The New York Genome Center is focused on furthering genomic research that leads to scientific advances and new insights and therapies for patients with neurodegenerative disease, neuropsychiatric disease, and cancer, leveraging our strengths in whole genome sequencing, genomic analysis, and development of genomic tools.

We have established programs in each of these areas, and consider the exchange of ideas among researchers, both within and outside the center, to be essential for the development of new genomic technologies, the advancement of basic science, and the understanding of the genetic basis of human diseases. Five affiliate working groups have been established: Neurodegenerative Disease, Neuropsychiatric Disease, Computational Cancer Genomics, Population Genomics, and Enabling Innovation. These new working groups, along with our founding working group, the Genome Center Cancer Group, are forums for discussing current research advances, technical and conceptional challenges to further progress, and the establishment of joint projects and funding strategies.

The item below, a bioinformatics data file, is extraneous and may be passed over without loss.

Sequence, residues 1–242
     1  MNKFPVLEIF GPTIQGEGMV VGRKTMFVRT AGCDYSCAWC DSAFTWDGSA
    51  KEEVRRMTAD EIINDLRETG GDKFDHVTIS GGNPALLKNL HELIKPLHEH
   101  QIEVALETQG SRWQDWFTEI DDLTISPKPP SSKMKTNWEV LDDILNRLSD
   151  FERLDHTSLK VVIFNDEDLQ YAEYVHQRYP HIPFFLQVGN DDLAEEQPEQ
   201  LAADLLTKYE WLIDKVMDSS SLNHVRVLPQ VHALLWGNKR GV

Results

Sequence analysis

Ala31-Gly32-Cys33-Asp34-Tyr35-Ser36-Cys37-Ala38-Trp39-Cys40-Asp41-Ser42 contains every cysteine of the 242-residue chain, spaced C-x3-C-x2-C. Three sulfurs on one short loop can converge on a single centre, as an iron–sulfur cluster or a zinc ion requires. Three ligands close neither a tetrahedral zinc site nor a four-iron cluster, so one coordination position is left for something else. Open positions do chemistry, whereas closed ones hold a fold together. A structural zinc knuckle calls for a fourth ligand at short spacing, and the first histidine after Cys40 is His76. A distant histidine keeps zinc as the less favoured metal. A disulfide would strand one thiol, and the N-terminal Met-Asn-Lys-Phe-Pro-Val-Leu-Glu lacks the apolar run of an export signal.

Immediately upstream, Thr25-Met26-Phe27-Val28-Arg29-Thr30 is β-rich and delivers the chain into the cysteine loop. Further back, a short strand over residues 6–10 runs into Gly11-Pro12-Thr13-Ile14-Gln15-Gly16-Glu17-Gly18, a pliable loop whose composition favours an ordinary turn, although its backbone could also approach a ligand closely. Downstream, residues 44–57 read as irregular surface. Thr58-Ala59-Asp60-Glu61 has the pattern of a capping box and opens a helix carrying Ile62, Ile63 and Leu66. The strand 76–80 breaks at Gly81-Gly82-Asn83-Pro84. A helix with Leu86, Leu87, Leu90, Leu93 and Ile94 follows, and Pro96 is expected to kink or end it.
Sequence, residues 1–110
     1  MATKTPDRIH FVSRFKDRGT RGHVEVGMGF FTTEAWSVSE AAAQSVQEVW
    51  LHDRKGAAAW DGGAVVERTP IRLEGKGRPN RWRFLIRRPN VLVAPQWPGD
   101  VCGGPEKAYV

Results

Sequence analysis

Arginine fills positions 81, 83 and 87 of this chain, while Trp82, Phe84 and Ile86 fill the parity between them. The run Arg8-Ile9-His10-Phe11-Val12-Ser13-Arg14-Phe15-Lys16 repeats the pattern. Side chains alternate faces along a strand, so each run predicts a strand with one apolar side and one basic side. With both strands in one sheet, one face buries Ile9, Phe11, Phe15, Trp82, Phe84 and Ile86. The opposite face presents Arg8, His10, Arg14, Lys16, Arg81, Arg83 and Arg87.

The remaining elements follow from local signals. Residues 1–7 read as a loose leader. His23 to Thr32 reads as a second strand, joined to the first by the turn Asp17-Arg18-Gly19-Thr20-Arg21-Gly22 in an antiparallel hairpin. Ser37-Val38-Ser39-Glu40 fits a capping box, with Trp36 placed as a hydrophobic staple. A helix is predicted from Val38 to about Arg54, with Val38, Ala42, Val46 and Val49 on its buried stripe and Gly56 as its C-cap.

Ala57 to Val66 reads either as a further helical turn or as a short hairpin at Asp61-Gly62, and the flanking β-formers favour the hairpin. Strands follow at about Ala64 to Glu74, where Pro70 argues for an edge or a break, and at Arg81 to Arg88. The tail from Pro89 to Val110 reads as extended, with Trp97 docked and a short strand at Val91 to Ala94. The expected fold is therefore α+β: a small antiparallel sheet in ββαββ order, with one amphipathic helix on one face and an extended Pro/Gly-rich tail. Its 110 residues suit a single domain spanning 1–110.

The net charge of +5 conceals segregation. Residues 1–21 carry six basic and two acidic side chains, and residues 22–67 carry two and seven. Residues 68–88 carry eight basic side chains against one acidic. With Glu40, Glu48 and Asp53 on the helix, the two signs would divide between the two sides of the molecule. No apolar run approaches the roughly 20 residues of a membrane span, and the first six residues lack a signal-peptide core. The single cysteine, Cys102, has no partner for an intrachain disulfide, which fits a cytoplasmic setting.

Neurodegenerative disease (ALS, Alzheimer’s, Parkinson’s, Huntington’s): Leveraging the success of our Center for Genomics of Neurodegenerative Disease’s focus on ALS research to extend our work across a range of neurodegenerative diseases that share common pathways with ALS.

Neuropsychiatric disease (autism, schizophrenia, bipolar): Broadening our robust research of whole genomes of autism patients through our common disease NIH center grant focused on autism to expand into other neuropsychiatric disorders, including schizophrenia and bipolar disorder.

Cancer: Pushing forward the leading edge of cancer genomics research through our glioblastoma study, Cancer Alliance, and the new Polyethnic-1000 project and by focusing on whole genome sequencing of individuals with cancer and their tumors, novel population-level cancer analytics, and the application of both single cell and spatial transcriptomics.

Technology InnovationFurther developing successful collaborative initiatives in single cell and spatial transcriptomics and the computational methods necessary to understand the underlying biology and disease mechanisms.

Population Genomics: Focusing on human population genomics, statistical analyses, and applications to precision medicine.